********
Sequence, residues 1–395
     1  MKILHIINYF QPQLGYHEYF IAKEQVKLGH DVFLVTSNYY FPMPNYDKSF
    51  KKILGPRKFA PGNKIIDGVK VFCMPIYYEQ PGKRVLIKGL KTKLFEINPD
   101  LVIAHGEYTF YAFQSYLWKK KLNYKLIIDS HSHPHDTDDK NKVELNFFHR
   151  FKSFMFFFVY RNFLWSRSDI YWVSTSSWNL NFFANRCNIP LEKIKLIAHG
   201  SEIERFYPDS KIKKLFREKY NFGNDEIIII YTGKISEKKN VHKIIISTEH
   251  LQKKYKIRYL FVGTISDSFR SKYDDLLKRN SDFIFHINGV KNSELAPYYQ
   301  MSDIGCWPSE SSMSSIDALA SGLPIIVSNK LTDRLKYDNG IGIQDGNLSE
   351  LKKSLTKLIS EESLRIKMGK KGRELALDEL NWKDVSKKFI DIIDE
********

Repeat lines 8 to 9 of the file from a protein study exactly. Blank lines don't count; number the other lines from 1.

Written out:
   301  MSDIGCWPSE SSMSSIDALA SGLPIIVSNK LTDRLKYDNG IGIQDGNLSE
   351  LKKSLTKLIS EESLRIKMGK KGRELALDEL NWKDVSKKFI DIIDE